HIA: Falling house prices to damage affordability…say what?

By Leith van Onselen

The rent-seekers at the HIA have released paid modelling from economic consultants – the Centre for International Economics (CIE) – warning of housing Armageddon if Labor’s policy to halve the capital gains tax (CGT) discount is implemented:

“Increasing the tax on housing will result in less investment in housing, fewer houses being built and inevitably a worsening of the affordability challenge.

“We cannot tax our way out of the housing affordability problem. The solution is less tax on housing and less government distortions on the market, not more.

“According to modelling undertaken by the CIE, on behalf of the HIA, an increase in CGT would result in a $1bn reduction in revenue to state Governments, increase the cost of renting and exacerbate the housing affordability challenge,” stated Tim Reardon, HIA’s Principal Economist.

“The analysis shows that increasing CGT would generate a revenue gain for the Federal Government of $0.5bn a year which would be dwarfed by stamp duty tax losses to the states in excess of $1bn per year.

“The CIE also concludes that increasing the tax on rental homes may initially benefit ‘first home buyers’ but over time this gain will be lost as rental costs rise leading to higher home prices, that will once again force first home buyers out of the market,” added Mr Reardon.

Does the HIA read its press releases before they are sent out? Did they not recognise that it is completely contradictory?

On the one hand, the HIA claims that Labor’s CGT policy would result in “a worsening of the affordability challenge”. Then immediately afterwards they claim that “an increase in CGT would result in a $1bn reduction in revenue to state Governments” because prices would fall, thereby unambiguously improving housing affordability.

Nor does the claimed “increase [in] the cost of renting” make any sense, given Labor’s negative gearing policy would channel investment into new builds, thereby increasing supply and lowering rents. In fact, Stockland last month stated that Labor’s policy would “put a rocket under” home construction:

The Labor Party’s plan to limit negative gearing tax breaks to new housing would put a rocket under the business of residential developers because demand from investors would surge, Stockland chief executive Mark Steinert says…

“Our business will rip,” he said at the Property Council of Australia’s annual congress in Darwin.

“We’re all about new product. At the end of the day, half our buyers are first-time buyers, and 80 per cent of our buyers are owner-occupiers. If the investors are going to participate in the market like they have in the past, that means they’re all pointing at our product and other developers’ products”…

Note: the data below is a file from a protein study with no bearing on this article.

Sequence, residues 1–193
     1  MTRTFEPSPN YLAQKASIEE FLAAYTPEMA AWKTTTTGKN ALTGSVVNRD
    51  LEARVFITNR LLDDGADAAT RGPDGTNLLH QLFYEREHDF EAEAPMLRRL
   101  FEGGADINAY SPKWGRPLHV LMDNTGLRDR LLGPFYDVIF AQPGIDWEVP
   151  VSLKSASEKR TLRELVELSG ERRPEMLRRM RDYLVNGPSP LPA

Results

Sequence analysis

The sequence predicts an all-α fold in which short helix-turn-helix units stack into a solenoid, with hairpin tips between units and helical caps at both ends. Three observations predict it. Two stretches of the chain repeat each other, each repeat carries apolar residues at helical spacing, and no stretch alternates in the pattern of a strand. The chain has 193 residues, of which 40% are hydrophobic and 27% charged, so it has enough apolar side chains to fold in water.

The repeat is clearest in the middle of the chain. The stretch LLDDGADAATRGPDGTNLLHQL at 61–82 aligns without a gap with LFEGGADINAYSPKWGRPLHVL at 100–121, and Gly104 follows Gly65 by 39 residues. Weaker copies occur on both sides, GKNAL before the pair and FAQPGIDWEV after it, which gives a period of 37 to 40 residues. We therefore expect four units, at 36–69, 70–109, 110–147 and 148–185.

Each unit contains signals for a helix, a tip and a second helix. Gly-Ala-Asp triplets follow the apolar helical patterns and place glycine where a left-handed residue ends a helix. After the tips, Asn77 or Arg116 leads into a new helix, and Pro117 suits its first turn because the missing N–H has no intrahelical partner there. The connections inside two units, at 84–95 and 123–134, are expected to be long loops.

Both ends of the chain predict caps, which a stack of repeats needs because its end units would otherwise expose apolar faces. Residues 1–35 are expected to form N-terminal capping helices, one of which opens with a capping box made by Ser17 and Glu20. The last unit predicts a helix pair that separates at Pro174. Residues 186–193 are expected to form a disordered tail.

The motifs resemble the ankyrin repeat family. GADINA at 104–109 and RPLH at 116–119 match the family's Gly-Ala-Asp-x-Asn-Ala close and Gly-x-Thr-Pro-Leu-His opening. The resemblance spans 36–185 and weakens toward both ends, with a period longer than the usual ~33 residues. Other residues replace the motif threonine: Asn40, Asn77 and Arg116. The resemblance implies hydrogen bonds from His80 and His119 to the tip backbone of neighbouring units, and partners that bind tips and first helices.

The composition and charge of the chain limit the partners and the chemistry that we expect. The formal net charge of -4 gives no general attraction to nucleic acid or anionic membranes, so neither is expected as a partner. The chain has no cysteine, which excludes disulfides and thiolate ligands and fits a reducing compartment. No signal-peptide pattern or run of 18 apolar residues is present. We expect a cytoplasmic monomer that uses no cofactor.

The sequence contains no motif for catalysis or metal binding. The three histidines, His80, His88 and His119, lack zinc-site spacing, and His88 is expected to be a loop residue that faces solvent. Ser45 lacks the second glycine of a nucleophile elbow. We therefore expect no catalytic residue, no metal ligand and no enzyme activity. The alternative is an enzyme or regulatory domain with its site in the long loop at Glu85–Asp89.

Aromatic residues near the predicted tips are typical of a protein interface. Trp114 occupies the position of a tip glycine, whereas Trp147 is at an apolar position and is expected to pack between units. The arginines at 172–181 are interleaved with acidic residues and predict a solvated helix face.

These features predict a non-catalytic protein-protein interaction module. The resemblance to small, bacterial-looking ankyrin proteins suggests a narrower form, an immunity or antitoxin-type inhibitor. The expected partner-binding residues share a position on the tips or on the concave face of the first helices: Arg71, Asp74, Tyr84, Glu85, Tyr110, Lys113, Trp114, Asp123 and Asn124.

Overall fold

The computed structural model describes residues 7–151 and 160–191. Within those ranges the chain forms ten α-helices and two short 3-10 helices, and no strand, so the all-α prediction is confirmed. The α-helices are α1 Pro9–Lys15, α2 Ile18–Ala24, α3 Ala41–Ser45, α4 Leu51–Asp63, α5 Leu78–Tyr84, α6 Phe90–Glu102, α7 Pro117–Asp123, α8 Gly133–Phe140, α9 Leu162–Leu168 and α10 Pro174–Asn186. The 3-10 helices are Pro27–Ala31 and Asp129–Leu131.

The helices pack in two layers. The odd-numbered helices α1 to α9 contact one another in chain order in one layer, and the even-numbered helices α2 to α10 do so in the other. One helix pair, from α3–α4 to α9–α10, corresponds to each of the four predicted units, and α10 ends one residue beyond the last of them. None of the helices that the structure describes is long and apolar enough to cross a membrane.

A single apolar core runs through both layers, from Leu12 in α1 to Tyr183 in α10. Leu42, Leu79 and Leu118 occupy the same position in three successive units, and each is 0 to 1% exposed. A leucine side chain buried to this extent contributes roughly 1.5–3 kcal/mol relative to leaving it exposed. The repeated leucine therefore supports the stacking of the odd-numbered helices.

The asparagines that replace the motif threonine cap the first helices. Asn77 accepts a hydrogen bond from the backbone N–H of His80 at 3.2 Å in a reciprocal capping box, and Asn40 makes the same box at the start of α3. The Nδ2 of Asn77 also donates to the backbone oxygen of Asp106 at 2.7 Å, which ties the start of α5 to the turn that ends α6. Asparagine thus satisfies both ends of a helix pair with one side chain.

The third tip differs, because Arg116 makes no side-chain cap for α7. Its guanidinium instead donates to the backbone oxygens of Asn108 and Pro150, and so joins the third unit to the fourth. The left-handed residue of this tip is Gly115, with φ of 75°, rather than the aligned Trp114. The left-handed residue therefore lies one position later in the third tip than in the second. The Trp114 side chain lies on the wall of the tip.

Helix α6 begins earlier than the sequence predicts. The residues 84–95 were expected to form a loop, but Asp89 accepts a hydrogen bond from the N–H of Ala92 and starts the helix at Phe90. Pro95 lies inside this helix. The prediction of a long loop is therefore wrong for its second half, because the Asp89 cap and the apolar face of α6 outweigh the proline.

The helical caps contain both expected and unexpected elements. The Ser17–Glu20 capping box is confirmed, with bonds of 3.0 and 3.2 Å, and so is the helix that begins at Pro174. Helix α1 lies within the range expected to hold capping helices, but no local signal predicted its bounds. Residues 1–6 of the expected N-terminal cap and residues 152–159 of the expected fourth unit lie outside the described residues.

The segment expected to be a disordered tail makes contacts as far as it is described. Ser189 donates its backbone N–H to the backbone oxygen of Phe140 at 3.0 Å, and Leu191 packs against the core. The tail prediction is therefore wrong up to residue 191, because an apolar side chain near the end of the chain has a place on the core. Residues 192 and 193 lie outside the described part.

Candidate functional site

Contrary to the HIA’s propaganda, unwinding the CGT discount makes sense for a variety of reasons.

First, there are actually significant Budget savings to be made. The Parliamentary Budget Office has estimated that cutting the CGT discount to 40% would provide a four-year Budget saving of $2.3 billion, whereas cutting the discount to 25% [Labor’s policy] would save $5.7 billion over four years, and removing it altogether would save the Budget $10 billion. In a time of deep Budget deficits such savings are money for jam.

Sure, there would be some negative impact on state budgets, but given stamp duties are one of the most inefficient tax bases around, what better way to encourage reform and facilitate a shift towards land taxes than making stamp duties less attractive?

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Second, Blind Freddy can see that investment in existing dwellings has literally exploded since negative gearing was reinstated in 1987, followed by the halving of CGT in 1999. By contrast, investment in new dwelling construction – which is the supply that the HIA bemoans is far too low – has been poor:

By all measures, negative gearing and the CGT discount have been epic failures in achieving the HIA’s goal of boosting new construction, despite their significant cost to the Budget.

Third, there would be minimal (if any) impact on rents from lowering the CGT discount, since more than 90% of investors buy existing dwellings, and therefore do not add materially to supply:

Finally, there is a clear inverse correlation between investor demand and first home buyer (FHB) demand:

Thus, any reduction in investor demand from cutting the CGT discount would unambiguously benefit FHBs, who would no longer be crowded-out.

In short, the HIA has resorted to paid propaganda rather than a considered analysis of the facts.

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